The Ozolini tea farm defines Latvian culture in the countryside; a place where tea making and meditation are a daily ritual. Arriving on the farm, travelers are welcomed by the aroma, sounds, and sight of life in the forest. Here, life is calm, collected and quiet. An ideal place for personal reflection and communal tea making.
A series of meditation cabins scatter the landscape. These temporary residences perform as architectural extensions of the tea crafting process and facilitate passive and/or active meditation. Passive meditation is defined by immobilization coupled with rhythmic breathing whereas active meditation is associated with mobilization and eco-fitness. The act of growing, gathering, withering and bruising of tea ingredients are all integrated into the architecture. A hanging garden, living/meditation spaces and an outhouse all define an intimate courtyard for active meditation. Each space is highly adaptable to suit its inhabitant in terms of spatial relationships and the ability to control light conditions. By introducing these adaptations, anyone can personalize their meditation experience in more ways than one.
DESIGN PARTNER: Benjamin Dossett
The act of processing tea in the Ozolini tradition is rooted in the compatibility between human and tea plants. Each traveler chooses a plant most suitable to his/her senses. The traveler is then tasked with navigating to their cabin by following a trail of wayfinding devices using their chosen plant. These wayfinding devices serve a double purpose: define the path to a specific cabin and activate the senses. Approaching a wayfinding device, the traveler matches the aroma, appearance, and feel of their plant to that of the tea plant inside the wayfinding device. If the tea plants are similar, the traveler will know he/she is going the right direction. This method of navigation gives hierarchy to multiple senses in a way that sight alone cannot achieve. Upon arriving at the cabin, the traveler enters the courtyard and discovers a hanging garden blooming with the aroma of their chosen tea plant.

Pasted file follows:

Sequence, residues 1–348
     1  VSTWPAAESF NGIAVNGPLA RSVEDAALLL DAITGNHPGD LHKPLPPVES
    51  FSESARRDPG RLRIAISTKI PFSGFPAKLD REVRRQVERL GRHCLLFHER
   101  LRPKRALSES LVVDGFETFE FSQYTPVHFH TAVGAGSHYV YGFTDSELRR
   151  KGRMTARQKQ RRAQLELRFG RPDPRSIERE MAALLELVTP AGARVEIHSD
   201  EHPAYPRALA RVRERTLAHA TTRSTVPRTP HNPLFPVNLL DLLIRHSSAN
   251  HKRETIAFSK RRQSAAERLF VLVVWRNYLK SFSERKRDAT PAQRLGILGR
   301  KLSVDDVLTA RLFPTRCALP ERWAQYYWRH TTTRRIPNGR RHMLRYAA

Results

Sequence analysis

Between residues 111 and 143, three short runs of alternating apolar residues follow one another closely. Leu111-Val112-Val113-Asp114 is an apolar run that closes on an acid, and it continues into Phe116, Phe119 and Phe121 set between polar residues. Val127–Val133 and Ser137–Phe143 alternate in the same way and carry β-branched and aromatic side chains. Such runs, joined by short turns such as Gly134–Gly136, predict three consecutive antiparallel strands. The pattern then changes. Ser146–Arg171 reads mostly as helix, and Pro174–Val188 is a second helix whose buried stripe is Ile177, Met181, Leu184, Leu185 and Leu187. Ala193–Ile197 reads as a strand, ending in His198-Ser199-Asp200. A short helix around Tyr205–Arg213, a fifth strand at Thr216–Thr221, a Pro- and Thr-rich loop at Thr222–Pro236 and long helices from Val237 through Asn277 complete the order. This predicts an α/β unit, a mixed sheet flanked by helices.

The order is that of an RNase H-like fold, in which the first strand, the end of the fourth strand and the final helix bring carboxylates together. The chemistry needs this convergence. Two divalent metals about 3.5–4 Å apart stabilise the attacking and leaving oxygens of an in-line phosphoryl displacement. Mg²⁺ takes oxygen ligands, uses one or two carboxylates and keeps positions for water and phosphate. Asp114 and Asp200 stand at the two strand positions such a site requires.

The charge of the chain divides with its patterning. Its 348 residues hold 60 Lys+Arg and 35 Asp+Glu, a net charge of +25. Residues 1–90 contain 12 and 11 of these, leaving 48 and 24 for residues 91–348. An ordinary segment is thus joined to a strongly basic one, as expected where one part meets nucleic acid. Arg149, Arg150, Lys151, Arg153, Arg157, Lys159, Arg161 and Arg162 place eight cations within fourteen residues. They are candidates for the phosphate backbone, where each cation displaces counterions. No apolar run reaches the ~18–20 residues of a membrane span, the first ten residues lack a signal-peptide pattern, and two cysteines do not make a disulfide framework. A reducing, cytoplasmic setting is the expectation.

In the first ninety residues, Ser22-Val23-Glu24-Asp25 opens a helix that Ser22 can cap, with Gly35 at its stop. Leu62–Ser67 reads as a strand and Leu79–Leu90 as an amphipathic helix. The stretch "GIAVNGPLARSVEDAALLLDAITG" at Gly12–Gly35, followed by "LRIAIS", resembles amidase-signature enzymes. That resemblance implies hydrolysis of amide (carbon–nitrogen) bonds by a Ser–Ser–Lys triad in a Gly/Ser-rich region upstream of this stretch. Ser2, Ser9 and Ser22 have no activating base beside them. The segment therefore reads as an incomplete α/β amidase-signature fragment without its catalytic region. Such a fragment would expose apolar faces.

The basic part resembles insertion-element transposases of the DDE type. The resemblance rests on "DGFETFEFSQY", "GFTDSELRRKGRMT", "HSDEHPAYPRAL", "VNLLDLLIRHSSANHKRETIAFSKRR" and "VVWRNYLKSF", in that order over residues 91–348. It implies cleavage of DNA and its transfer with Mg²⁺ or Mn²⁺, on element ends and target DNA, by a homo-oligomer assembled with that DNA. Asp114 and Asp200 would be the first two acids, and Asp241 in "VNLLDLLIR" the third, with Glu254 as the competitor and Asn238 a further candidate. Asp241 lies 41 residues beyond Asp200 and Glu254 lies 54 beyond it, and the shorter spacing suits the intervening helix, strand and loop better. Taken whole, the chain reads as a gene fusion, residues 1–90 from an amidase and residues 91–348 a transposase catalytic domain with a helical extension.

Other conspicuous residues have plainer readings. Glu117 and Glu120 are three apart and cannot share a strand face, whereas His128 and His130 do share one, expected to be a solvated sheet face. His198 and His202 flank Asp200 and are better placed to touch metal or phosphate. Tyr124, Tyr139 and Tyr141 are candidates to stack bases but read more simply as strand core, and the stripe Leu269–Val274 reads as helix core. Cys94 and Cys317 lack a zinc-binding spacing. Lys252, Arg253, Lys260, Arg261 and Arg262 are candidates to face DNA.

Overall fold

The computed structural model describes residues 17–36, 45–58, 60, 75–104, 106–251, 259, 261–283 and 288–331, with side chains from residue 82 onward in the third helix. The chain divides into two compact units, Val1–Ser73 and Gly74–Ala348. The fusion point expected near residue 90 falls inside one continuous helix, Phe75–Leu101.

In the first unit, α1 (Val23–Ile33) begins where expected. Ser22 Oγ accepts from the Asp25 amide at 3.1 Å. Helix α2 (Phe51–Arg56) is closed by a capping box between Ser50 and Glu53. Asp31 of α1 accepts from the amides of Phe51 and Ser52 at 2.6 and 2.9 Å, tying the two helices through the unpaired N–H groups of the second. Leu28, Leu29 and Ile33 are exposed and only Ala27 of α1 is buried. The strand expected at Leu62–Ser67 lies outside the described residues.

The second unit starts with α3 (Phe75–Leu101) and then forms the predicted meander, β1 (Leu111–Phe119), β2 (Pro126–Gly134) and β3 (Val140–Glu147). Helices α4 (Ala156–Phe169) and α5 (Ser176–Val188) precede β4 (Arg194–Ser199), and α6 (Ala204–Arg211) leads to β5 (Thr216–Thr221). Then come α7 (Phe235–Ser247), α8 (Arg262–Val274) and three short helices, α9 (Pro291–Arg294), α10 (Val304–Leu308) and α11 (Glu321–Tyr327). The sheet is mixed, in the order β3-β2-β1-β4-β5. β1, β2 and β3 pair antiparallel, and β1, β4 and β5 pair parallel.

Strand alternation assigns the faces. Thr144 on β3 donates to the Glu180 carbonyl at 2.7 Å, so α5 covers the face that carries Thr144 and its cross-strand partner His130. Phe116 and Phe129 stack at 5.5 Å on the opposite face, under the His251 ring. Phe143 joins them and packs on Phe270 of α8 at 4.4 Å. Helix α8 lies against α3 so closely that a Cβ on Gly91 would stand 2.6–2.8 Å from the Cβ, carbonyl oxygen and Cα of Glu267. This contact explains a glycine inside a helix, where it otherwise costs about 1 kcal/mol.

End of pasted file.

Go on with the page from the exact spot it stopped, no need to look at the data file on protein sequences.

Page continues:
The meditation cabins seek not to define one set means of meditation; instead, the cabin provides a series of interactive, spatial operations that allow the traveler control of both active and passive meditation spaces. A rotating light device allows the traveler to control the hue of a space befitting to his/her preferred means of meditation. Similarly, three distinct slide operations modify the amount of light in the space while simultanously altering the relationship between interior and exterior spaces.
In conjunction with active work-meditation, the cabin is also equipped with a secluded, passive mediation space. The earth tone of the woven walls and complimentary, burgundy structure stimulate imagination, spirituality and memory. The space is reminiscent of a woven basket punctuated by apertures on all four walls. The traveler has the ability to alter these apertures through means of slide operations. A sky door above slides along a semi circular track, washing the space in sunlight and reveals a golden light well. A circular window opens to receive the sounds, smells and sights of the forest wildlife.
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